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Smoke from West Coast wildfires seen at National Mall in downtown DC

The NWS said smoke that was seen in DC was smoke from the California, Washington and Oregon fires caught in the jet stream and moving overhead at 20,000-25,000 feet.
Credit: WUSA9

WASHINGTON — Smoke from the wildfires in the Western part of the United States started to appear in Washington on Monday and could be seen at the National Mall.

WUSA9's Mike Valerio captured pictures of the smoke over the Lincoln Memorial and other sites on the Mall, including the Washington Monument. 

The National Weather Service (NWS) confirmed on social media early in the day that smoke had been moving west to east across the U.S. A satellite radar/map from space showed the massive smoke clouds moving east. 

NWS said the smoke caught a jet stream and moved overhead at about 20,000 to 25,000 feet above ground level.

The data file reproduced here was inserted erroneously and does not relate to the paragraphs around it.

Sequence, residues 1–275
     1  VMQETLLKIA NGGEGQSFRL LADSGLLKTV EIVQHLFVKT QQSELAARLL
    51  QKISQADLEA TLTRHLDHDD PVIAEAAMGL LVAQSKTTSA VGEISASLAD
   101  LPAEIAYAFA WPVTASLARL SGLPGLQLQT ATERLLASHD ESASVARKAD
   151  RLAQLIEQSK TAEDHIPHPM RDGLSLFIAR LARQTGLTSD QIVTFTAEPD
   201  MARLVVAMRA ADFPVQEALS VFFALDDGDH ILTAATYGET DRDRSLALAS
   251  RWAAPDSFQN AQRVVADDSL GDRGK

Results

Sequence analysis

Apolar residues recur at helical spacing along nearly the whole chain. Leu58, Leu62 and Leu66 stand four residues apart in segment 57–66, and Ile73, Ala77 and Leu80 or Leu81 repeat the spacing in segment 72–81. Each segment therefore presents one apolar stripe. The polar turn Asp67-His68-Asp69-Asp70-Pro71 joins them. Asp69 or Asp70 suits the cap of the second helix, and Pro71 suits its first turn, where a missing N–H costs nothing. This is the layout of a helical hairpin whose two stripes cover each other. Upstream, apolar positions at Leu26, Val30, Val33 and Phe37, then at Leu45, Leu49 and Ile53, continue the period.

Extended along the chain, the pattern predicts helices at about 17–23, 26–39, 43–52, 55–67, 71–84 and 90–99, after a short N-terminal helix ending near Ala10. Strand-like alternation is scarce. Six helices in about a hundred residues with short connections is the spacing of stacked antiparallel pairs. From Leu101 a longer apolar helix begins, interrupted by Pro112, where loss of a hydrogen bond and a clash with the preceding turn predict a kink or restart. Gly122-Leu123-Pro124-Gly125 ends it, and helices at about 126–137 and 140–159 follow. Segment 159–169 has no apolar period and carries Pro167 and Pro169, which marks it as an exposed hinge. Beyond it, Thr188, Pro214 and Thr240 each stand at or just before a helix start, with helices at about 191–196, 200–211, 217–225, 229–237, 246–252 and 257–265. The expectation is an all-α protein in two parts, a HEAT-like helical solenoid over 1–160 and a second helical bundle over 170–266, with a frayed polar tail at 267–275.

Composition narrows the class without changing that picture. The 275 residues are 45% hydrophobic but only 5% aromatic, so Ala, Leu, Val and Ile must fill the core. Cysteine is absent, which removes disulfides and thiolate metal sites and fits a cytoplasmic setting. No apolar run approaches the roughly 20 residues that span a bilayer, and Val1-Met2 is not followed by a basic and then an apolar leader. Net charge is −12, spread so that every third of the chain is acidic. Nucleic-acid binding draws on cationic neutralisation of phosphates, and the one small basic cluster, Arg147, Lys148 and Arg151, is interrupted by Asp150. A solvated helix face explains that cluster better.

Joggers and families visiting the National Mall also spent time looking up at the sky and taking pictures of the smoke, according to Valerio.

The wildfires across the state of California this summer have caused a lot of damage to communities, burning a record 2 million acres in 2020. But the most dangerous part of the year for wildfires is still ahead. 

The recent wildfires have been enhanced by a heatwave in the state, causing evacuations and even hurting the amount of power that can be used by people in certain areas of the state. 

The Associated Press has reported that some localities are worried about power shortages, asking people to cut back on its use due to the fires.

Particles, smoke and ash moving from the West Coast to the East Coast during natural disasters isn't something new. When Mount St. Helens exploded in the State of Washington during the 1980s, particles and dust from the volcano traveled all the way across the country.

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